4.4. Quantum hash functions construction via small-biased sets

This section is based on the paper [26]. We first present a brief background on ε-biased sets. For more information, see [27]. Note that ε-biased sets are generally defined for arbitrary finite groups, but here we restrict ourselves to q.

For an a ∈ q, a character χaof qis a homomorphism χa : qμq, where μqis the (multiplicative) group of complex q-th roots of unity. That is, χa(x) = ωax, where ω=e2πiqis a primitive q-th root of unity. The character χ0 ≡ 1 is called a trivial character.

Definition 5 A set S ⊆ q is called ε biased, if for any nontrivial character χ ∈ {χa : a ∈ q}


These sets are interesting when ∣S∣ ≪ ∣q∣ (as S = qis 0 biased). In their seminal paper, Naor and Naor [13] defined these small-biased sets, gave the first explicit constructions of such sets, and demonstrated the power of small-biased sets for several applications.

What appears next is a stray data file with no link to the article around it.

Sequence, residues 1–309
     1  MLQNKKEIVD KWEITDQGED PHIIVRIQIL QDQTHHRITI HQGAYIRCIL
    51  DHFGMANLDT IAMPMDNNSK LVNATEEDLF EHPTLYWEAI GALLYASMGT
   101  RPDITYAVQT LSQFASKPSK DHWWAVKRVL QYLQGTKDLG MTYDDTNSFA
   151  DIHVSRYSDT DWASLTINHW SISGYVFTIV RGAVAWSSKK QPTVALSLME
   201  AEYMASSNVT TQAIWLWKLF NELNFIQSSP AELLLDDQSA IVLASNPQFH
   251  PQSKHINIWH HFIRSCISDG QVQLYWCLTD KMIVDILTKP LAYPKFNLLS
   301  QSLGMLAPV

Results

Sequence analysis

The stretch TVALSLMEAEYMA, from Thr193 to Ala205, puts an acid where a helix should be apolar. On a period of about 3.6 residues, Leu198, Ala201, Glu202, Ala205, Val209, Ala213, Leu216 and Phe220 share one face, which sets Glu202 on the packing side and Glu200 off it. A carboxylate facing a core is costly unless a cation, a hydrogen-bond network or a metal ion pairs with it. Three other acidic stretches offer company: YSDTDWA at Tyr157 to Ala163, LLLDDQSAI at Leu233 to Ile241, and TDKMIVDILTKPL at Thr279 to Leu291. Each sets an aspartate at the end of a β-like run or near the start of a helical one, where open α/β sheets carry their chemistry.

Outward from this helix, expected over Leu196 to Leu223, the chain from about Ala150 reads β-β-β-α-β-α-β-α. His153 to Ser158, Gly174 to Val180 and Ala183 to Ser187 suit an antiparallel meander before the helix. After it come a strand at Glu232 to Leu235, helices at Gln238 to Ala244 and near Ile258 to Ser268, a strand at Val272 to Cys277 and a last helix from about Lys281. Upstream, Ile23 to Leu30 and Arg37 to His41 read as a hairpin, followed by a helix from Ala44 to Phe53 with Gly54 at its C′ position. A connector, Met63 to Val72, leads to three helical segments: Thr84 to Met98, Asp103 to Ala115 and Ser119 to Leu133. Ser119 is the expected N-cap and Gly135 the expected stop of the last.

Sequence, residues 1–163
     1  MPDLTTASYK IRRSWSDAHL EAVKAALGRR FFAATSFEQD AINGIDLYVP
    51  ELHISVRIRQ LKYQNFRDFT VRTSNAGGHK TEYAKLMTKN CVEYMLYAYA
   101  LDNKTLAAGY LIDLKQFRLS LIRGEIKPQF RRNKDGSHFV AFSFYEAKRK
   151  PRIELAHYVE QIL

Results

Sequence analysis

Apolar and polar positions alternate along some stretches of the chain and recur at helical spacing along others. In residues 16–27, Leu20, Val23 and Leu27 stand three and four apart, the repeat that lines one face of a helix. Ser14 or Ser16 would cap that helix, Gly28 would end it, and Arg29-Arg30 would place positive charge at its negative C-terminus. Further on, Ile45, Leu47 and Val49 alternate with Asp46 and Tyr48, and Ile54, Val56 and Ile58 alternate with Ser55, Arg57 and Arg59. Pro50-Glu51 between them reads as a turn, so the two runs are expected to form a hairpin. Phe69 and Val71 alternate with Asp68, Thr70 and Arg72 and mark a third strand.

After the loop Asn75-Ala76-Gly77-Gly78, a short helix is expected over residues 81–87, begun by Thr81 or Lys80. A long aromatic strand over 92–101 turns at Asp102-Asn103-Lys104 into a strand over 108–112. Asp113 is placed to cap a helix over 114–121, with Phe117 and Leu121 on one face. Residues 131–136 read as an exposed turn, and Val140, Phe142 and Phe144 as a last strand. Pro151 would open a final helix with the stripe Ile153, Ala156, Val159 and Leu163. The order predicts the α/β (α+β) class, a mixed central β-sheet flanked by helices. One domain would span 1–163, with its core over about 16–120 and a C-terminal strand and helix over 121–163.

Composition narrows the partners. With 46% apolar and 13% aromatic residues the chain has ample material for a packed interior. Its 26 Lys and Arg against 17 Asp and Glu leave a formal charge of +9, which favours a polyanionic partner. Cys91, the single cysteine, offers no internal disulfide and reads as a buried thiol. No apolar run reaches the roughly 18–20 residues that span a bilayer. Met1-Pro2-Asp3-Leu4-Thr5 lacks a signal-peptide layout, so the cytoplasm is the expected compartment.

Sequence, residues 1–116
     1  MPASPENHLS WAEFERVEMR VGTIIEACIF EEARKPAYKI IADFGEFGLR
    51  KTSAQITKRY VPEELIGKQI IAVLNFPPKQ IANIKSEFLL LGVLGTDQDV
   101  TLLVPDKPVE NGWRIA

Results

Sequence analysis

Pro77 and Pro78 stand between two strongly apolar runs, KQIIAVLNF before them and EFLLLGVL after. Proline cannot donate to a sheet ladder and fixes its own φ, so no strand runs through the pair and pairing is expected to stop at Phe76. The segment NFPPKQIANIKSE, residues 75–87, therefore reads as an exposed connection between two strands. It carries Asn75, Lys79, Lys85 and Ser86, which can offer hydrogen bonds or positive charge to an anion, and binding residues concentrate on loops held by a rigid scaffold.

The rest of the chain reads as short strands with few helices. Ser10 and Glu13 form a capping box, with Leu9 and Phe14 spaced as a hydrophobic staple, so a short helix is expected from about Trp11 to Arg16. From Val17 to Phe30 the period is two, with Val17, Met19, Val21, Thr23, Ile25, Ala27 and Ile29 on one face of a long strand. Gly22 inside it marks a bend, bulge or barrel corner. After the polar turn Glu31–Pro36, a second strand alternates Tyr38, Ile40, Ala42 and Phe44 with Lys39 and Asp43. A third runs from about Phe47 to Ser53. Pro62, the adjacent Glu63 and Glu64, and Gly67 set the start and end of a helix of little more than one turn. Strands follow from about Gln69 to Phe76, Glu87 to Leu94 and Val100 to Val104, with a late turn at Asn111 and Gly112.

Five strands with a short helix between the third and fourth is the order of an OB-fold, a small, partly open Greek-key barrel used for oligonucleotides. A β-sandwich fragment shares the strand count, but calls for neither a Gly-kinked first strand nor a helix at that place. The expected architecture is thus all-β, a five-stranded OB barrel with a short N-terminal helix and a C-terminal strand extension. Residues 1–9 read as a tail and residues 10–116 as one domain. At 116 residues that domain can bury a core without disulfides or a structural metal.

Remark 1Note that a set S of O(log q/ε2) elements selected uniformly at random from ℤq is ε biased with positive probability[28].

Many other constructions of small-biased sets followed during the last decades.

Vasiliev [26] showed that ε-biased sets generate (δ,ε)-resistant hash functions. We present the result of [26] in the following form.

Theorem 1 Let S ⊆ q be an ε-biased set. Let HS = {ha(x) = ax(mod q), a ∈ S, ha : qq} be a set of functions determined by S. Then, a quantum function ψHS : q→(2)⊗ log ∣S

is a(δ, ε)-resistant quantum hash function, where δ ≤ ∣S∣/q.

Proof. One-way δ-resistance property of ψHSfollows from Property 1: a probability of correct decoding an xfrom a quantum state |ψHS(x)⟩ is bounded by ∣S∣/q.

Collision ε-resistance property of ψHSfollows directly from the corresponding property of [26]. Note that


We will prove that for arbitrary different elements v , v ∈ q, it is true that